Where things start to get particularly interesting is when looking into Pierce’s career. As you’d expect from any potential Presidential candidate, his Wikipedia page has been scrubbed fairly clean.

Pierce’s rather heaving personal fortune has been amassed through his involvement with a string of cryptocurrency venture capitalist firms, which include Blockchain Capital, Tether, and The latter of which raised a record USD$4 billion for its ICO based on the then-proposed software platform EOS.IO.

Notably, Pierce and EOS were profiled by John Oliver as part of a Last Week Tonight segment in 2018 on cryptocurrencies. The segment of Pierce begins in the below video at 18:40 and includes, fairly ominously, a very brief invitation to Google the phrase “Brock Pierce scandal.”

That “scandal” refers to Pierce’s involvement with a company called Digital Entertainment Network, which he joined in 1997 as a 17-year-old. That company’s co-founder was a man by the name of Marc Collins-Rector. Throughout the course of DEN’s rather short life-span, Collins-Rector – it would later be proven – transported teen boys across US state lines for the purposes of having sex with them at lavish parties thrown at the Los Angeles mansion he ran DEN out of.

Collins-Rector was later indicted on criminal charges in 2000, and was subsequently arrested in Spain in 2002 – along with Pierce and fellow DEN founder Chad Shackley. Collins-Rector later returned to the US and pleaded guilty to eight charges of child enticement. He received credit for time served in a Spanish jail and was forced to register as a sex offender.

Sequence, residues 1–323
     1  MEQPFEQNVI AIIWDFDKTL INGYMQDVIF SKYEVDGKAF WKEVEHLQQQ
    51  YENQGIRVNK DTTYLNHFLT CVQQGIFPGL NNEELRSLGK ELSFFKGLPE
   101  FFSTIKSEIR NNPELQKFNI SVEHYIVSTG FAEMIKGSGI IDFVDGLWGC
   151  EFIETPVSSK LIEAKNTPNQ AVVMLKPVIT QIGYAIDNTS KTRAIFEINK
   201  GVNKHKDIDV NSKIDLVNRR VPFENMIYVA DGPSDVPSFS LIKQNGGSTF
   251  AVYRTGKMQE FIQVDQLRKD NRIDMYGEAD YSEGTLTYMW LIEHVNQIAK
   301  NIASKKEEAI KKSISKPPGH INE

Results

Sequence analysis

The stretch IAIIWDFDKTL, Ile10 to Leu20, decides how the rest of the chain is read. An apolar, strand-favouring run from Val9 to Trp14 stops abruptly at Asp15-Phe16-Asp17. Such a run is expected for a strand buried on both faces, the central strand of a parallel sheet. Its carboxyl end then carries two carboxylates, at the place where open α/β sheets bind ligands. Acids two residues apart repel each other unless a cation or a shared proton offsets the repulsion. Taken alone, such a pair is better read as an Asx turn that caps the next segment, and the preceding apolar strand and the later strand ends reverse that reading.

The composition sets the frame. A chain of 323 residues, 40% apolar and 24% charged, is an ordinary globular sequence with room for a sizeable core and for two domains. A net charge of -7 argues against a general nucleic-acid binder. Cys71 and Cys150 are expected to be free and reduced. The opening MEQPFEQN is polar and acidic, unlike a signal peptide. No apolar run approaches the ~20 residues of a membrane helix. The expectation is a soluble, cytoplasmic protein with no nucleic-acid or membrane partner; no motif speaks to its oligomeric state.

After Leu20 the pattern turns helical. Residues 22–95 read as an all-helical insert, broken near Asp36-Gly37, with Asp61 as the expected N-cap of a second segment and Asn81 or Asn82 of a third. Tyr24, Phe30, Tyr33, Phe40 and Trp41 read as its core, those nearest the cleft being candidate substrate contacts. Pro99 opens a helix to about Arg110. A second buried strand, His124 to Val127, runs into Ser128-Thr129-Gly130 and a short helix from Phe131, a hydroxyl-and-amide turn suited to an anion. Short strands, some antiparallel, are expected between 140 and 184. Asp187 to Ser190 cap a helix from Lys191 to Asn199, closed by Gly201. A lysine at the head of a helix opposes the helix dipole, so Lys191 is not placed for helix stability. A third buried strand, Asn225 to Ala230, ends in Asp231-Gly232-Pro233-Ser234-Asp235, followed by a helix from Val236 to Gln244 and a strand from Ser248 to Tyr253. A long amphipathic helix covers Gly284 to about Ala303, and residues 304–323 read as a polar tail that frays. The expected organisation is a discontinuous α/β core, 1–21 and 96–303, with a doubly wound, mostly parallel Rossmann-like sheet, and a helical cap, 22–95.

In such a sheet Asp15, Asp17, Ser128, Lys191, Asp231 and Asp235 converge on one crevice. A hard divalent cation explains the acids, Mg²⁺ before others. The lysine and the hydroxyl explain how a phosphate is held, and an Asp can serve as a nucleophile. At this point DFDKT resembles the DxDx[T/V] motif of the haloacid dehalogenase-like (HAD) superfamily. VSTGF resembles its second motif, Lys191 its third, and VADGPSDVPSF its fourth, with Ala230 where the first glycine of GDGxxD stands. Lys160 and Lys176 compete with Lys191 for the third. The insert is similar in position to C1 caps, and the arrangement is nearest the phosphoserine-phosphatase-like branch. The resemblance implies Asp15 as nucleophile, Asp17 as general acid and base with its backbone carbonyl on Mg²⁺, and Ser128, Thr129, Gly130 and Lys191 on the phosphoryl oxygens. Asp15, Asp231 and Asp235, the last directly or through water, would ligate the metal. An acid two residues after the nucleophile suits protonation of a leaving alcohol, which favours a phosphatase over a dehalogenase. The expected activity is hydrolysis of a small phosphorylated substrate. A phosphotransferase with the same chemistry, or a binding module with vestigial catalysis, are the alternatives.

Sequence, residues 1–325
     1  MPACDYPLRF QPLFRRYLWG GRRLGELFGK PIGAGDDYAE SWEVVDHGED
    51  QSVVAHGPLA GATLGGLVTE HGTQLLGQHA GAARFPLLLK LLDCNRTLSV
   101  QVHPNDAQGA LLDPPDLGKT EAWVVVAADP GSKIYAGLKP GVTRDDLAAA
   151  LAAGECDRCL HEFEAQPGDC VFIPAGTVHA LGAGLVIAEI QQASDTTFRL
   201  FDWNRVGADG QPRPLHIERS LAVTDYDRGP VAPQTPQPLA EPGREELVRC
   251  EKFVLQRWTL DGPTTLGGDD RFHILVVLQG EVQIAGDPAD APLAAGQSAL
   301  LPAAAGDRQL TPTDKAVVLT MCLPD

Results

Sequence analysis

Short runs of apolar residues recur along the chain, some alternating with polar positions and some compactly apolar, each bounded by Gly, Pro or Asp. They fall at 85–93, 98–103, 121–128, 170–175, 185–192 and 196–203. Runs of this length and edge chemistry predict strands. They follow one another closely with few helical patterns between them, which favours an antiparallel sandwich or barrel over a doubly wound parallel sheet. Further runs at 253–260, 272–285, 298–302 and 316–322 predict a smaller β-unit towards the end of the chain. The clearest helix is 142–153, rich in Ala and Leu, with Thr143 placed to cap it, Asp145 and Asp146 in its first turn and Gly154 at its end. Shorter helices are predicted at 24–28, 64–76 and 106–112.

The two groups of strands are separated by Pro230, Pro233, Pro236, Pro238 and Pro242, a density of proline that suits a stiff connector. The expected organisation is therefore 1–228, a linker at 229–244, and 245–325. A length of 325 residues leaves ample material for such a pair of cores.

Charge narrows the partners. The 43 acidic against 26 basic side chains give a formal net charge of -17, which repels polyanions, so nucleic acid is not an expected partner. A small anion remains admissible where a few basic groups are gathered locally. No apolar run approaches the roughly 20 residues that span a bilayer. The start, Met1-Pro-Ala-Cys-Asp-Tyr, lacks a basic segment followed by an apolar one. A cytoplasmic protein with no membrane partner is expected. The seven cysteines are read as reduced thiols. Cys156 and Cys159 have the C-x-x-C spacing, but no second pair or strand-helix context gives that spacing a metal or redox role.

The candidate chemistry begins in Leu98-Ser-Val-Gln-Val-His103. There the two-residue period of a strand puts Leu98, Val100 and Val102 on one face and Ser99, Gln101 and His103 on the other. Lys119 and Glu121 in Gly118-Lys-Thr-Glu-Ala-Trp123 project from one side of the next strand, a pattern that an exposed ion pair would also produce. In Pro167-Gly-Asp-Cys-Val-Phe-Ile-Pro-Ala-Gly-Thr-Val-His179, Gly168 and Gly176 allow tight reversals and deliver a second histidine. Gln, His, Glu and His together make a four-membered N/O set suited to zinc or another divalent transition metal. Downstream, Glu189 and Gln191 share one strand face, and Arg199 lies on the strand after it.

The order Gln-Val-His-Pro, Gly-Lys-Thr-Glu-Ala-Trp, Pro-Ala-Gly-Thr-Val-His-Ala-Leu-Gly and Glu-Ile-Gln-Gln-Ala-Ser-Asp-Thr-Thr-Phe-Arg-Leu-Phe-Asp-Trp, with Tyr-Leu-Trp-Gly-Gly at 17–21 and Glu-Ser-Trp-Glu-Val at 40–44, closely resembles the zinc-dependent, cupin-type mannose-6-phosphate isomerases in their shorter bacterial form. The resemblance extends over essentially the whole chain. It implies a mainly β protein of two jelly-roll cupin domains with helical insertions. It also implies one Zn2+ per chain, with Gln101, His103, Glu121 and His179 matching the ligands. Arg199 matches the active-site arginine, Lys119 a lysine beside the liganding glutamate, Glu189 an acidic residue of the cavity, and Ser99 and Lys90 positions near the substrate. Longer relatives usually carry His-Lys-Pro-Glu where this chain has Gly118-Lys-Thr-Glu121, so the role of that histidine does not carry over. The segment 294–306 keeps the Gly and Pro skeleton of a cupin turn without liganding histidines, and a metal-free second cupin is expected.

Things get even wilder when you consider the alleged story of how the trio found themselves in Spain to begin with. Per a BuzzFeed News report from 2014, Pierce stated in a sworn deposition that Collins-Rector believed that David Geffen – the famed Hollywood mogul a key investor in DEN – wanted to destroy him by either taking his business or possibly even killing him.

That lead all three men to hastily load a private jet and take off across the Atlantic Ocean with no destination decided upon before departure.

It should be said that, a decade after the depositions, Pierce radically changed his recounting of the story, telling BuzzFeed News in 2014 that he himself didn’t “really believe” Geffen was out to get anyone, and that “with the benefit of hindsight the idea that Geffen caused the demise of DEN is pretty ludicrous.”

Pierce’s rather complicated – but fundamentally clean, at least from an outcomes perspective – legal history with DEN is detailed in some length by his own legal team on his cryptocurrency website. And it’s worth noting that Pierce was never charged with any wrong doing, and a subsequent lawsuit brought against him was dismissed on the basis of fabricated and fraudulent evidence.

Ultimately, it’s a really wild story. And if things go the way Brock Pierce wants them to come November, it’s really only going to get much wilder from here.